• In the case of R (G) v Governors of X School [2011] UKSC 30; [2012] 1 AC 167, it was found that Article 6 rights (ECHR) were relevant where a disciplinary proceeding in the workplace had a great degree of influence on a later decision by a professional body.

Facts of the Case

  • C, a male music assistant, was suspended from teaching as allegations arose that he formed an inappropriate relationship with a student.
  • C was informed to attend a disciplinary hearing as the school began an investigation into C. C was told he was allowed to have a union representative or a colleague.
  • C, however, was not a member of the union and so requested that he be represented by his solicitors. The school refused C’s request.
  • C alleged that the refusal of this request amounted to a violation of his right to a fair hearing under Article 6(1) of the ECHR.
  • The Court of Appeal held that Article 6 was engaged given the facts and that C was entitled to have a right to legal representation.
  • The Supreme Court allowed the school governor’s application for permission to appeal.

Issues

  • Was there a violation C’s rights under Article 6, where a decision was made to disallow him legal representation at the hearing?

Held by the Supreme Court

  • The Supreme Court allowed the appeal and majority held that denying C legal representation amounted to a breach of C’s rights Article 6.

Lord Dyson

Elaborate on the judgment

  • His Lordship discusses the application of Article 6 and finds that where there is a determination of civil rights and obligations (defined in Ringeisen v Austria), Article 6 will apply.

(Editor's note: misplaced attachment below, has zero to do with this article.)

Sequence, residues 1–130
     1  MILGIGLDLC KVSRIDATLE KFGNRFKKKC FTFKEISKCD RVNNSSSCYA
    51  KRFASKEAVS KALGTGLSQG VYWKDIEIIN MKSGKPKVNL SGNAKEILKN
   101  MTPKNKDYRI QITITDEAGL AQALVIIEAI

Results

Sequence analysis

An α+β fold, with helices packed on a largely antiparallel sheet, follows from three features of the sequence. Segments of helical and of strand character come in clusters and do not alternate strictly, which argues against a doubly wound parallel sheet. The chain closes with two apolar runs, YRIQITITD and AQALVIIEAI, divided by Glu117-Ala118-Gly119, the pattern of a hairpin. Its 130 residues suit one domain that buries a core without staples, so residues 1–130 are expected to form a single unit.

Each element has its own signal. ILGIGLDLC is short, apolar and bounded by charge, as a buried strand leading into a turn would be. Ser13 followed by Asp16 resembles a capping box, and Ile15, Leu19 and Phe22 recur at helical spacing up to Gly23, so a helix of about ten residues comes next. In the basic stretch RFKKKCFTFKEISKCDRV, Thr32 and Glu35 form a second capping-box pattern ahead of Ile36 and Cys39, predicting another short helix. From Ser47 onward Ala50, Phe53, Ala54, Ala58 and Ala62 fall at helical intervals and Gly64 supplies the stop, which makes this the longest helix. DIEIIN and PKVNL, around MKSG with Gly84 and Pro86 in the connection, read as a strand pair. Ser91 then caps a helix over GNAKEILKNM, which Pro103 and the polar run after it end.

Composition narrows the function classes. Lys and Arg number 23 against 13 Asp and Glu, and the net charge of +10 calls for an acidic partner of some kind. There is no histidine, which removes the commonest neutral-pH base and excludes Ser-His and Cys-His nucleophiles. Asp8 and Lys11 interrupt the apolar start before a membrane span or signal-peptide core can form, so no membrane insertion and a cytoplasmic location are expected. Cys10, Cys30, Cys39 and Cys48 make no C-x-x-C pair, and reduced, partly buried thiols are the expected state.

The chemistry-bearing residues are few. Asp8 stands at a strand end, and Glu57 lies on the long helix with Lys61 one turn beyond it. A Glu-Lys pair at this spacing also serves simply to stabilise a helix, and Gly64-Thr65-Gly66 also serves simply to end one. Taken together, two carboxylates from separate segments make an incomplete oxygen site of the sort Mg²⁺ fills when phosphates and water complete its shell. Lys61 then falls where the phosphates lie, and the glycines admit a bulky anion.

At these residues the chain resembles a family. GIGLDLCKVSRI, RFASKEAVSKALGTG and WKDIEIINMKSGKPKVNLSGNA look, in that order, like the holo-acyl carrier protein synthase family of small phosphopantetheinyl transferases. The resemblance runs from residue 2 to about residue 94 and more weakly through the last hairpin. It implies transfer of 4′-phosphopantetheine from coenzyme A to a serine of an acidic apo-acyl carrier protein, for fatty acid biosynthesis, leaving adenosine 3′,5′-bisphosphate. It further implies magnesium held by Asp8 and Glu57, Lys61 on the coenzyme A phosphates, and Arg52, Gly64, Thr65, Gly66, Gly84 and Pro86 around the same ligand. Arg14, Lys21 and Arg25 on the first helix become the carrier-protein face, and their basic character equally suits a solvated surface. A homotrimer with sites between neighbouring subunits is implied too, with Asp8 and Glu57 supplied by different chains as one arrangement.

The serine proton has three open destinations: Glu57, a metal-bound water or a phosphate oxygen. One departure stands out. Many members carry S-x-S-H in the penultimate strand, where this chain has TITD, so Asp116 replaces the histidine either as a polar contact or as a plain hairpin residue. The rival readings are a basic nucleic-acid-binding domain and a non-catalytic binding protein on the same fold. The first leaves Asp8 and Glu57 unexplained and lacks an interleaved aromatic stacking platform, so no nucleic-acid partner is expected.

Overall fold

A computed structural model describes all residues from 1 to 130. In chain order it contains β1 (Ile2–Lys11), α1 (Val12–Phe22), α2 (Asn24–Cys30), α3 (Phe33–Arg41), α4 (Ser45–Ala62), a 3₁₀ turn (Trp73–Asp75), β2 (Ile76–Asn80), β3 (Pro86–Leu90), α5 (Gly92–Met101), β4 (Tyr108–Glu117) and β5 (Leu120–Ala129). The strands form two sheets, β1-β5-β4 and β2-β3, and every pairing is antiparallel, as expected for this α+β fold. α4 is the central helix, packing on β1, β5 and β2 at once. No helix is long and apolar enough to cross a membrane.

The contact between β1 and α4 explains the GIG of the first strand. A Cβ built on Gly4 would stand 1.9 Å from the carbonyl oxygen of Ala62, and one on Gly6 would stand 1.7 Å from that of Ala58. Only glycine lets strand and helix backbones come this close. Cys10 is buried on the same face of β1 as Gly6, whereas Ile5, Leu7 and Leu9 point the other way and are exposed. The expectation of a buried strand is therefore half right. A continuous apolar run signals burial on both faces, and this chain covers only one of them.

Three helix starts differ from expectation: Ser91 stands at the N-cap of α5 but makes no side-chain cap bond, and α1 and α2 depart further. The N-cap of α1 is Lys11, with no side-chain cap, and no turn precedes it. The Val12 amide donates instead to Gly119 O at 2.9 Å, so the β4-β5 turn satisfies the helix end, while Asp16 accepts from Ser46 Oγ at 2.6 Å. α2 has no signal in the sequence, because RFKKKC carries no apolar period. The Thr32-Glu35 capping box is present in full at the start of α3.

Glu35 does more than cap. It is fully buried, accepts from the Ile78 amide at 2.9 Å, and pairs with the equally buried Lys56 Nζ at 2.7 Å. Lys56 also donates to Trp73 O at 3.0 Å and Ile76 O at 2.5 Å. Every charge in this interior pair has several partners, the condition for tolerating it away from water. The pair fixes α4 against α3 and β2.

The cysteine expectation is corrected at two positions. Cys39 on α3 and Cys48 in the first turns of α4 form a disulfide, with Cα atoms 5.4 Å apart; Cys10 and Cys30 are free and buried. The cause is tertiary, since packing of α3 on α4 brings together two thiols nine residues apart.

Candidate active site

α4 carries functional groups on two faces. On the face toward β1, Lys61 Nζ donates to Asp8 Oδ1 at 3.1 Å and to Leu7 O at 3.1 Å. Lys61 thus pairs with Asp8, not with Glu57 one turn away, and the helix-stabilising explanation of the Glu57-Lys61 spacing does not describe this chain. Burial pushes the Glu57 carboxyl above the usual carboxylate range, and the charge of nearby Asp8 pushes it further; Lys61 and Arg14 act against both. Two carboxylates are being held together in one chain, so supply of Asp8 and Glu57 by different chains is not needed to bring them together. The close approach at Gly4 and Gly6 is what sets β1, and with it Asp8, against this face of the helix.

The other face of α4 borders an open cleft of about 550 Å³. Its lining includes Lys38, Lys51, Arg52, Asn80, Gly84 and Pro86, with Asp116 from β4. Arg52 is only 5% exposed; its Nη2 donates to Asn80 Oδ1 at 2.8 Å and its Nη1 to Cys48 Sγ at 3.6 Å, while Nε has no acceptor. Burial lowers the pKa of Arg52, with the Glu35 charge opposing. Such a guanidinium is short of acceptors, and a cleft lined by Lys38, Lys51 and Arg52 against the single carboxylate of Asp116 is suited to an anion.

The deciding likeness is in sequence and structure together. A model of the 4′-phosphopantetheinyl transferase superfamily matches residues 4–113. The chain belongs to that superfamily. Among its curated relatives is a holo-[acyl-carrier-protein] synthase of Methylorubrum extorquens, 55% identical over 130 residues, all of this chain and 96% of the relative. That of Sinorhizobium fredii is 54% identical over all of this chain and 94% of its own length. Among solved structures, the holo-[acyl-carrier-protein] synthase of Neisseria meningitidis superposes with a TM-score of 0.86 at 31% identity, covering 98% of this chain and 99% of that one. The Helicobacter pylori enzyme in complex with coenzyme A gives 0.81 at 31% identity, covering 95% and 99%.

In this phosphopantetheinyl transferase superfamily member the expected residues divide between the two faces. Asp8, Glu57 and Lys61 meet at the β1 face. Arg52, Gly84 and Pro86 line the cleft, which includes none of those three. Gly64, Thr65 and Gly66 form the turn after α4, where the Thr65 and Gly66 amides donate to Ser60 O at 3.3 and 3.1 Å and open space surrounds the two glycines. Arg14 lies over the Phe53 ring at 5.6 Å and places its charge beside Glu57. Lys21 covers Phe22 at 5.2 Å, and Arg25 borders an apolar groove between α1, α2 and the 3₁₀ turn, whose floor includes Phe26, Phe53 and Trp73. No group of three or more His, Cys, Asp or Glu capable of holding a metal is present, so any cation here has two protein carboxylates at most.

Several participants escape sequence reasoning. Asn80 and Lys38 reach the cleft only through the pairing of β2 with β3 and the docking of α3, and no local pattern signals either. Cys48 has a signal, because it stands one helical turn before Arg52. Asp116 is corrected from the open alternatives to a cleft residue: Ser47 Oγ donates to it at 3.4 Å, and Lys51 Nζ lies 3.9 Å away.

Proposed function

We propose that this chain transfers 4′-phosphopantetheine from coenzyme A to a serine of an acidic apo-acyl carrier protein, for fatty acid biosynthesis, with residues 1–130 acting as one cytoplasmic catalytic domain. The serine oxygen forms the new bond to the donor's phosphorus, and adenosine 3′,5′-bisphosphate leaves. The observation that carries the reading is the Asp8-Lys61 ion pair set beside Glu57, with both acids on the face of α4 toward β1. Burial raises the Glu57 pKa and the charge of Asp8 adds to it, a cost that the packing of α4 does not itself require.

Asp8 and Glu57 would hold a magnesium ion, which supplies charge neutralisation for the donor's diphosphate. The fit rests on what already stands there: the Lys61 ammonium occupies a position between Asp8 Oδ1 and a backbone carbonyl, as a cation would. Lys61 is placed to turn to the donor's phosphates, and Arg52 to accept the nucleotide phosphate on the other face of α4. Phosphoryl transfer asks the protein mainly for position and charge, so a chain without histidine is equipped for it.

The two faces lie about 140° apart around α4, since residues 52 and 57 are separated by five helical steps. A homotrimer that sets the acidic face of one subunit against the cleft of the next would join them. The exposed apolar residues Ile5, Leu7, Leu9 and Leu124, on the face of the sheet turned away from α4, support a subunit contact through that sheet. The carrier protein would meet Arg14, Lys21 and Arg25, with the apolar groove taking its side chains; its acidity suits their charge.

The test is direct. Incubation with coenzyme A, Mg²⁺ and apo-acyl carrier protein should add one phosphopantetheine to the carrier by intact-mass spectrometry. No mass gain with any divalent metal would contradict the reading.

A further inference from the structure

• The test of substantial influence was upheld, which was created by Laws LJ in the Court of Appeal. “In deciding whether Article 6(1) applies, the ECtHR takes into account a number of factors including:
  • Whether the decision in proceedings A is capable of being dispositive of the determination of civil rights in proceedings B or at least causing irreversible prejudice, in effect, by partially determining the outcome of proceedings B’
  • How close the link is between the two sets of proceedings;
  • Whether the object of the two proceedings is the same; and
  • Whether there are any policy reasons for holding that Article 6(1) should not apply in proceedings A. This last factor was taken into account by the ECtHR in Fayed 18 EHRR 393.” [68]

Lord Kerr (dissenting)

  • “It is important not to concentrate unduly on the various stages of the process in isolation from each other. And it is certainly mistaken to focus exclusively on an individual stage in order to determine whether it by itself meets the requirements of Article 6. The process overall must be fair.” [112]